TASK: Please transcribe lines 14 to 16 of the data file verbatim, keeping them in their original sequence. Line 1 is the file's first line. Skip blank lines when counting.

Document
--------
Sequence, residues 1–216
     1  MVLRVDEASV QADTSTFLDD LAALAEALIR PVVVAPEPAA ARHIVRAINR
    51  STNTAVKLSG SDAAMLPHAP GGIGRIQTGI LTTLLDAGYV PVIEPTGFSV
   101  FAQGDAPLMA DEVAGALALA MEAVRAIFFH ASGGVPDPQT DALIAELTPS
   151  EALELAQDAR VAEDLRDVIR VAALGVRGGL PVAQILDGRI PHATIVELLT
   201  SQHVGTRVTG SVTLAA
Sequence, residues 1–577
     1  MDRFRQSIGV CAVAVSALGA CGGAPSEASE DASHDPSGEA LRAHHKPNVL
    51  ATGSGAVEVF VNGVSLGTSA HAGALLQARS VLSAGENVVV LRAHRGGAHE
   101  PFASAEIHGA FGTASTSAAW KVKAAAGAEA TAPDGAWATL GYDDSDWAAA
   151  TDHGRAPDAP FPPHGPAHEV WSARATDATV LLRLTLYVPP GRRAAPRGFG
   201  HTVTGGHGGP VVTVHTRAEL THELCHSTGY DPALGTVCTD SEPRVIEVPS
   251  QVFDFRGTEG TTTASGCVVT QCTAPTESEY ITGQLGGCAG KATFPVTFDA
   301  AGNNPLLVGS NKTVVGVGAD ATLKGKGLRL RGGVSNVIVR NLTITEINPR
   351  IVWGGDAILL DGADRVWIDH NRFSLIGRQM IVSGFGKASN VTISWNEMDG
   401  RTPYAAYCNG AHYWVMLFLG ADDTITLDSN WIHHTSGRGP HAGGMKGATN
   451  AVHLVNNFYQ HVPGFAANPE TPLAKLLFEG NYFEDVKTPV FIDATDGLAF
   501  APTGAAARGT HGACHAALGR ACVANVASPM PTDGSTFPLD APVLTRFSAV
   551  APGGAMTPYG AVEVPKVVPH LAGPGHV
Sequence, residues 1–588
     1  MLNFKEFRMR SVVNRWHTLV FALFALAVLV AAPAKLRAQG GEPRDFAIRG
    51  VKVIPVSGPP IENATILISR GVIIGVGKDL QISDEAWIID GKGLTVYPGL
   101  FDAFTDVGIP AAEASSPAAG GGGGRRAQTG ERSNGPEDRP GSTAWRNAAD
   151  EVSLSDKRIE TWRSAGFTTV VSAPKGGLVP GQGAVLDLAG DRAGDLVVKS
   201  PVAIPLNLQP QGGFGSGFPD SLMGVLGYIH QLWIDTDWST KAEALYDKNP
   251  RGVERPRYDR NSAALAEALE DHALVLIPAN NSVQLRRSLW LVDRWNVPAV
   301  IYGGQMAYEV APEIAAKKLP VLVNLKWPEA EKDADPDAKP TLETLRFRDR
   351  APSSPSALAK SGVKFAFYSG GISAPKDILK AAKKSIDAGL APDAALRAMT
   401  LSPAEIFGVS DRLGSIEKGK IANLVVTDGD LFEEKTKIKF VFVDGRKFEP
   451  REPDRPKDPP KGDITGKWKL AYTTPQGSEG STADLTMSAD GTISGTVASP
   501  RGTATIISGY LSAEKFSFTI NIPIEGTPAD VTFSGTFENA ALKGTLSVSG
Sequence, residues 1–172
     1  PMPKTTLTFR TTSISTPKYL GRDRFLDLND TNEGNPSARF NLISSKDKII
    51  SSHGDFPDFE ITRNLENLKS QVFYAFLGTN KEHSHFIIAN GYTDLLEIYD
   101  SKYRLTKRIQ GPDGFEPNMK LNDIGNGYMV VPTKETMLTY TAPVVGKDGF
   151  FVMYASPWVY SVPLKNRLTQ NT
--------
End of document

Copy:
   301  AGNNPLLVGS NKTVVGVGAD ATLKGKGLRL RGGVSNVIVR NLTITEINPR
   351  IVWGGDAILL DGADRVWIDH NRFSLIGRQM IVSGFGKASN VTISWNEMDG
   401  RTPYAAYCNG AHYWVMLFLG ADDTITLDSN WIHHTSGRGP HAGGMKGATN